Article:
What video games can teach us about writing (3/3)

Over the last two months, I've written posts about how Breath of the Wild is an excellent example of how to do settings and how Shovel Knight reveals the depths of its characters through gameplay. While I'm sure the Breath of the Wild sequel will continue to advance its worldbuilding technique, and the final Shovel Knight DLC will give more insight into one of its boss characters, I'd like to spend this month discussing how Hollow Knight can provide writers with some clues on how to write effective foreshadowing, integrate ambiance into their settings, and provide steady and discernible character growth in their protagonists. Before we get into it, though, I feel a short explanation of the "Metroidvania" genre is in order. Hollow Knight is a platformer that abides by some of the basic tenets of games like Super Metroid and Castlevania: Symphony of the Night (hence the genre of "Metroidvania"). There are two main aspects to a good Metroidvania: exploration and upgrades....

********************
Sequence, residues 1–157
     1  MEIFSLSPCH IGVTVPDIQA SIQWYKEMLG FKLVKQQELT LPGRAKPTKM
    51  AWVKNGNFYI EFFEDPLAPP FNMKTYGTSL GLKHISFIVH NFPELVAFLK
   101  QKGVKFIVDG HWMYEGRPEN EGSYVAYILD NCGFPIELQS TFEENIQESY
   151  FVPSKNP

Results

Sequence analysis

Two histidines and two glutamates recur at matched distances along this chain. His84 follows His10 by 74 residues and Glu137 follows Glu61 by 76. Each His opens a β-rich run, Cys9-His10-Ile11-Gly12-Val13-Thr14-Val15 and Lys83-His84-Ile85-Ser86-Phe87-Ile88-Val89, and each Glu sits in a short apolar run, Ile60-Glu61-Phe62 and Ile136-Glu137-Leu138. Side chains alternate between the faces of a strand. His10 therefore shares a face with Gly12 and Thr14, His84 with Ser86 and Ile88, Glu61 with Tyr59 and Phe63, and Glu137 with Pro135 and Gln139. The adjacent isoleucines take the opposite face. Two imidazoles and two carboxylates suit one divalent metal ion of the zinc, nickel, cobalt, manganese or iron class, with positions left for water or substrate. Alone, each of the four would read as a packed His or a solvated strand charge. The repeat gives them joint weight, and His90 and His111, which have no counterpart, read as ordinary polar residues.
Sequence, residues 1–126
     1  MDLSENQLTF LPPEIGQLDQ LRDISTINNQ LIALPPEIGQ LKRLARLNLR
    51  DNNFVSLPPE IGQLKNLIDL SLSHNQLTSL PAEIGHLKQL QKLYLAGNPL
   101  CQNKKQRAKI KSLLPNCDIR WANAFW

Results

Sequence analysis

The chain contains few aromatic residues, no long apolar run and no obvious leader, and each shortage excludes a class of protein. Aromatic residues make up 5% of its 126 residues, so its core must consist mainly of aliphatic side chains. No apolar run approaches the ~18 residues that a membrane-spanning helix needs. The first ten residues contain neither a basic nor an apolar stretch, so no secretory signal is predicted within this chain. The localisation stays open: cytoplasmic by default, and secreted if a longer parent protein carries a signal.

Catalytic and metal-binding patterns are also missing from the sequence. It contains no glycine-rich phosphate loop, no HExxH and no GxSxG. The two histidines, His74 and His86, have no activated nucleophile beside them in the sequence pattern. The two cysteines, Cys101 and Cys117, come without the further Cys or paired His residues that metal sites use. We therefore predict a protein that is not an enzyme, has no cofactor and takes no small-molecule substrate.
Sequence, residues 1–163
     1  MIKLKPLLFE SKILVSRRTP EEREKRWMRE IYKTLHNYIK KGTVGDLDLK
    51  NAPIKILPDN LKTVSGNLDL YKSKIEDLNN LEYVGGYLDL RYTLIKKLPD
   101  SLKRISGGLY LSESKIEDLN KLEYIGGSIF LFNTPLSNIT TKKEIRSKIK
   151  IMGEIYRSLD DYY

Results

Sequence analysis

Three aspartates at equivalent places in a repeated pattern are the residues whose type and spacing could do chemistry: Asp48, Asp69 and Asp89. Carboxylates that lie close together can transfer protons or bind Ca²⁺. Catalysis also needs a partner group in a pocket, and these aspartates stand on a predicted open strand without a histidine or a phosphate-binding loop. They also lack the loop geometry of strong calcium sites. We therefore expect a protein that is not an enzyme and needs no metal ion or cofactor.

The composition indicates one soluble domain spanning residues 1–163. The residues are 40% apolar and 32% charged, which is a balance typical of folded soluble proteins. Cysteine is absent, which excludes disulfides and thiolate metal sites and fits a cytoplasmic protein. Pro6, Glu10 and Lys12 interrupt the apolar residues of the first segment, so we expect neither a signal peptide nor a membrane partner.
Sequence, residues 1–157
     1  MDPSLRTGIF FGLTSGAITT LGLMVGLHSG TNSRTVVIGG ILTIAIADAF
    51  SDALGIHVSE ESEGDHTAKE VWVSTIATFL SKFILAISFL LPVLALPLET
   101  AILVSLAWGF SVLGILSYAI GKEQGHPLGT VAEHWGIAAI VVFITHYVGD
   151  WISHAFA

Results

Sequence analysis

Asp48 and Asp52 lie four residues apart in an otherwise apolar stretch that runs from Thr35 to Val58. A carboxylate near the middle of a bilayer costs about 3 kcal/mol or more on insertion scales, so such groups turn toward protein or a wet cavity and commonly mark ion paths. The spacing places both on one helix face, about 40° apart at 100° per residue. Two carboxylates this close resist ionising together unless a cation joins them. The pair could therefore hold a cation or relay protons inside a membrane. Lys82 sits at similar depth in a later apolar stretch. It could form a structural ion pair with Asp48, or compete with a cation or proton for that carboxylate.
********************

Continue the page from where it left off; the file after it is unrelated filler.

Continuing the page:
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What video games can teach us about writing (1/3)

Art inspires art. Sometimes a beautiful painting can give you an idea for a short story. Perhaps a beloved song is a jumping-off point for a novella. Maybe a great movie can get your creative juices flowing for a book of your own. Art can come in many forms, but one form most people don’t readily recognize is that of video games. I’ve already written about how games like Not Tetris describe my idea-collecting process, but recently I’ve played a few games I would consider artistic enough to pull some lessons into my own writing. Art inspires art. But, are video games art? Video games have come a long way from the days of Pong and Pac-Man. While these games were kept simple due to technical limitations, today’s video games no longer have these restrictions. I think one of the reasons why video games aren’t considered art is that most art is one-directional. You go to a museum to view paintings. You listen to music on your...
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